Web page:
I’m enjoying Peter Enns, NIV Application Commentary, Exodus more than I expected to. He has clearly spent a lot of time with the Hebrew text of the book, and has a lot of helpful observations to make.
For example, the word for “worship” in 4:23 is of the same root as the word for “work” in 5:9. (‘bd). The conflict between Yahweh and Pharaoh is being seen in yet one more respect – which king will successfully command the work/worship of the Hebrews.
Which means there is supreme irony in 5:17. The foremen come to Pharaoh to “cry out” to him at his injustice. He is dismissive, to say the least, and tells them to “go, work” (leku, ‘ibdu). Guess when that exact phrase comes again in Exodus? When Pharaoh says the same thing to the Israelites as defeated tyrant: “Go, worship Yahweh in the desert then.”
I’m sure all these things, and more, would leap out at me if I were to read the whole of Exodus in Hebrew lots of times. Perhaps I should do exactly that, at some point – but not to prepare this sermon series that comes at me 7 chapters at a time! So, given I don’t have anything like the time, how helpful to have a commentary that does deal with the necessary critical issues, but doesn’t allow those issues to drown out the drama of the narrative.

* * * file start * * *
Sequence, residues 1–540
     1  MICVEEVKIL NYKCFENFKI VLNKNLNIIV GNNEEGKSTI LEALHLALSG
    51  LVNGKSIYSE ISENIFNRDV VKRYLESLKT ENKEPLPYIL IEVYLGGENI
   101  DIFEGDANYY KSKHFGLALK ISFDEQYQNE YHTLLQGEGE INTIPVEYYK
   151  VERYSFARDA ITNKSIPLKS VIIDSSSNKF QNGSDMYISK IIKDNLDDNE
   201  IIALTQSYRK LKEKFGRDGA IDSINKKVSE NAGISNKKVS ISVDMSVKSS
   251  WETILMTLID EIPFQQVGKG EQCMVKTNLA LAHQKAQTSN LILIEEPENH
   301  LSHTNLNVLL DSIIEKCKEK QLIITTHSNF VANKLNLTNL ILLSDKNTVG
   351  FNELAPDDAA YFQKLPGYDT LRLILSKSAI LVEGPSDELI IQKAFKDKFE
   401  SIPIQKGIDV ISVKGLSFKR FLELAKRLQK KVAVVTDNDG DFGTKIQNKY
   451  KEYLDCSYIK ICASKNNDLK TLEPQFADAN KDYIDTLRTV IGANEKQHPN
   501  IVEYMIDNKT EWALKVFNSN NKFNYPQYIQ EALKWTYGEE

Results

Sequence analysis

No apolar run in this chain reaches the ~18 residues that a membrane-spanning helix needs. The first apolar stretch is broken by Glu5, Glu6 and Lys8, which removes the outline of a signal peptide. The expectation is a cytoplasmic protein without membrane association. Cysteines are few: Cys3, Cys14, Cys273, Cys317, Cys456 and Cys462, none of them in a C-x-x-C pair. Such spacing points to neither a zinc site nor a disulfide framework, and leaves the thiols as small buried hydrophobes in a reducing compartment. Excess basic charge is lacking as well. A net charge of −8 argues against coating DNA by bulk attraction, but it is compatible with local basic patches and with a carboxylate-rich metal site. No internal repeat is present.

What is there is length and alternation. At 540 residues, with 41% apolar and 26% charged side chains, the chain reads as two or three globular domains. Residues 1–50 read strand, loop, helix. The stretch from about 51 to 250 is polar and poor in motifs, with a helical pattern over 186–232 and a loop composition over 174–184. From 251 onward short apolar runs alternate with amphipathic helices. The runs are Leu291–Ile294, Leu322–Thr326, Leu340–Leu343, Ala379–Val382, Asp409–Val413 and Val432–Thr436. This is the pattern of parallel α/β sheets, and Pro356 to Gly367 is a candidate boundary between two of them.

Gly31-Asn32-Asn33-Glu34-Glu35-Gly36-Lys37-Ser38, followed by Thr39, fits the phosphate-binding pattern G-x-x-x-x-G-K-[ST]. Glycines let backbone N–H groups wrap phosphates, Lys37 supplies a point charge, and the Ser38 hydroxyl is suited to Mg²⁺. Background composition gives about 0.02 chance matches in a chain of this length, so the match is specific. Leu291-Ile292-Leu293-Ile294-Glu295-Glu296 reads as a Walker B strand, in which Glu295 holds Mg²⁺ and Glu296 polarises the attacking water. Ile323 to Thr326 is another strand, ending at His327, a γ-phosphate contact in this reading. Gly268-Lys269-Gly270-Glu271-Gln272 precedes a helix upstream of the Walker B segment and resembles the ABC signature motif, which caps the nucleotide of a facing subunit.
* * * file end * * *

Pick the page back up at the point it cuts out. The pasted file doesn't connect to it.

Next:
(If there is a weakness in his commentary, it is in his “Bridging the Contexts” and “Contemporary Application” sections. He rightly bridges the context first and foremost to the NT church. But he tends to bridge, and apply, not the message of the section he is discussing, but the themes. The result is some relevant messages to draw from the book. But, whilst I’m not saying we need to be slavish in this, it would be nice to see how the contemporary message relates to the message to the first readers, say on the plains of Moab. Speech-Act theory etc.)
But thank you, Peter, for all you are teaching me about the book of Exodus